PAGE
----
History of Warren County, Chapter 35

CHAPTER XXXV

HISTORY OF SUGAR GROVE TOWNSHIP

 

THIS township was formed, as will be seen by reference to the general chapter devoted to the history of township organization, on the 8th of March, 1821, and was called, for immediate convenience, "Number Three." Its northern boundary line is coincident with the southern limit of the State of New York (Chautauqua county). It is bounded on the east by the township of Farmington, south by Brokenstraw and parts of Conewango and Pittsfield, and west by Freehold. The southeastern part of this town is drained by Jackson Run, which flows thence southeasterly through the southern part of Farmington and the northeastern part of Conewango, into Conewango Creek just south of North Warren. Stillwater Creek rises in the western portion of Sugar Grove township and flows easterly through Sugar Grove village, and thence northerly into the State of New York. The soil in the valleys is principally a gravelly loam, and on the highlands chestnut. The surface was originally covered with a dense growth of forest - on the ridge in the south part with chestnut, to the north with beech and maple, and in the valleys with pine, maple, cherry, and black cherry. The remarkable predominance of maple timber afterward gave to the township its present significant name. For its agricultural wealth Sugar Grove is not surpassed by any region in this part of the State. While dairying is profitable here, it is not the exclusive interest, as the fruits and cereals are easily produced in great abundance.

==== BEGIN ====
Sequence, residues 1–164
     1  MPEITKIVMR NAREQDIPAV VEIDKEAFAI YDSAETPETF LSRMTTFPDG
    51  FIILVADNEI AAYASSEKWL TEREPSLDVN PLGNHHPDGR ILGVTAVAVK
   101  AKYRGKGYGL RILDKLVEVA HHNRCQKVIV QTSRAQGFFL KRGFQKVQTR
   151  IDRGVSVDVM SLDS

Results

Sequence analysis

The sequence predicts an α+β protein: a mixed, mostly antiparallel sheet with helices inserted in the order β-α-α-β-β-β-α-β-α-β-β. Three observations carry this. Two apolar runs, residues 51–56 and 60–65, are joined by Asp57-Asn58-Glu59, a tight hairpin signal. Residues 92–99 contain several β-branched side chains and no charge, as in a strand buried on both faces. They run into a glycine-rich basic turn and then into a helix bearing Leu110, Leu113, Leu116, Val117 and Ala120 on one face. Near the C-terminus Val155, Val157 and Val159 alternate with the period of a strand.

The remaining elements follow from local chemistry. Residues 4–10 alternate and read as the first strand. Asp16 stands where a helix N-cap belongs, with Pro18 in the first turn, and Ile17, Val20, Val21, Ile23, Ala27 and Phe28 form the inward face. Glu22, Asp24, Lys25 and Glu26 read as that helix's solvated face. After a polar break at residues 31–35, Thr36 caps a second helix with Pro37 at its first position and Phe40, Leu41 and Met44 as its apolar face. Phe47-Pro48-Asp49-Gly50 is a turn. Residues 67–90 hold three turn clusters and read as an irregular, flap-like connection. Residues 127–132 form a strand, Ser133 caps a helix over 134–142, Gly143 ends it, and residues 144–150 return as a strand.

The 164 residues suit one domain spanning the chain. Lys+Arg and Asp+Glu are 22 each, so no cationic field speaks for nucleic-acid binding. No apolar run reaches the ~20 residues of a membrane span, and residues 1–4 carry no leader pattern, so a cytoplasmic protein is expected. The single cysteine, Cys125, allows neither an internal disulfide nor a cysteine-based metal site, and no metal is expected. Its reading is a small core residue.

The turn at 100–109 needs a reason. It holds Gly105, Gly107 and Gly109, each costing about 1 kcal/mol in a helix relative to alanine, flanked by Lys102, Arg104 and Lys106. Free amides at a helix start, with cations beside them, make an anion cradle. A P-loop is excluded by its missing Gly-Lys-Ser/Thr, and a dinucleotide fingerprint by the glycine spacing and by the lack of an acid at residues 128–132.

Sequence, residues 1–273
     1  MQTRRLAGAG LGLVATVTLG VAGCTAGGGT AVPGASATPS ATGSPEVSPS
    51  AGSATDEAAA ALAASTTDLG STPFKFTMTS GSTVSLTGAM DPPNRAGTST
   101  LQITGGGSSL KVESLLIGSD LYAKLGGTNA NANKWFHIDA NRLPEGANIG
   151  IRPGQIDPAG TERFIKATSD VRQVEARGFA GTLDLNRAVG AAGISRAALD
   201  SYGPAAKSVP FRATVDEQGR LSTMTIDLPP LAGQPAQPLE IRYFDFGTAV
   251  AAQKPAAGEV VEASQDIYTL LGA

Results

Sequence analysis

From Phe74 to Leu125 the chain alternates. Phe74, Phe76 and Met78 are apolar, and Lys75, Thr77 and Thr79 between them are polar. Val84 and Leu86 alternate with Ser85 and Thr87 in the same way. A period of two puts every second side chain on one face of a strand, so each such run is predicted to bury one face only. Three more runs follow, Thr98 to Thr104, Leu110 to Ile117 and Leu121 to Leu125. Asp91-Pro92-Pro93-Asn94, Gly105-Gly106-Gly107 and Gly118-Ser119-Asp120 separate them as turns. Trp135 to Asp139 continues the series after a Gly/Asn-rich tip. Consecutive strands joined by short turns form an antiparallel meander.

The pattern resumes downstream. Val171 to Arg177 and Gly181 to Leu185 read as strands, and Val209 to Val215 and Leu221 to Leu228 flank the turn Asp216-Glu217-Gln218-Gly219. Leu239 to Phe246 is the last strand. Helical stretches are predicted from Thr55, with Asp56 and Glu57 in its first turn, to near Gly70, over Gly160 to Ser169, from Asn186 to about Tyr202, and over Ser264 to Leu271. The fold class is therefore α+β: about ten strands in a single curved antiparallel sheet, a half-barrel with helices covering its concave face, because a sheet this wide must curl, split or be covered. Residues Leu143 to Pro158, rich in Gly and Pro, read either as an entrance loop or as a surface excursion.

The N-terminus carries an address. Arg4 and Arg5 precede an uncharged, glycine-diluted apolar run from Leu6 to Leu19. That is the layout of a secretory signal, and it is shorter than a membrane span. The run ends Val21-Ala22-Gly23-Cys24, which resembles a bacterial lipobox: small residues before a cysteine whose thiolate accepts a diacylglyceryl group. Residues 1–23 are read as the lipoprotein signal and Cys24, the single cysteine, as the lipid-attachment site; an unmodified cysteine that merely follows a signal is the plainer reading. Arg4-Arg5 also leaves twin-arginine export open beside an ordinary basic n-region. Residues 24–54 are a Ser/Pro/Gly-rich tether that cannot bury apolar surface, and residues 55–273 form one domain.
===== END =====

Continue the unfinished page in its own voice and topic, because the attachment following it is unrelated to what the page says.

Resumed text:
At the time of the formation of the township a considerable population had congregated here, composed, for the most part, of the most intelligent and industrious elements of the older societies of the Mohawk valley and New England. A number of the early inhabitants of the town were also natives of Ireland and Scotland. The first permanent settler was undoubtedly Robert Miles, whose son and namesake afterward became prominent in Warren. He came up the river from Pittsburgh in June, 1797, with his family, in the first keel-boat that found its way to Warren. His farm at first embraced an area of nearly three miles square, though it was not rectangular in form. His dwelling house stood about one and one-half miles directly east of the site of Sugar Grove village. (See sketch in later pages of his son Robert.) Soon after his arrival Major Howe, Brigham Howe, and John Dickinson came from Long Island, though none of them was here long enough to become prominently identified with the business interests of this part of the county. About 1800 came William Lopsley, the ever-to-be-remembered John Barr, and John Hood; in 1802 John Stuart, and in 1803 James Stuart, all from Ireland. Lopsley made a clearing about two miles east of the village, but moved away at an early day.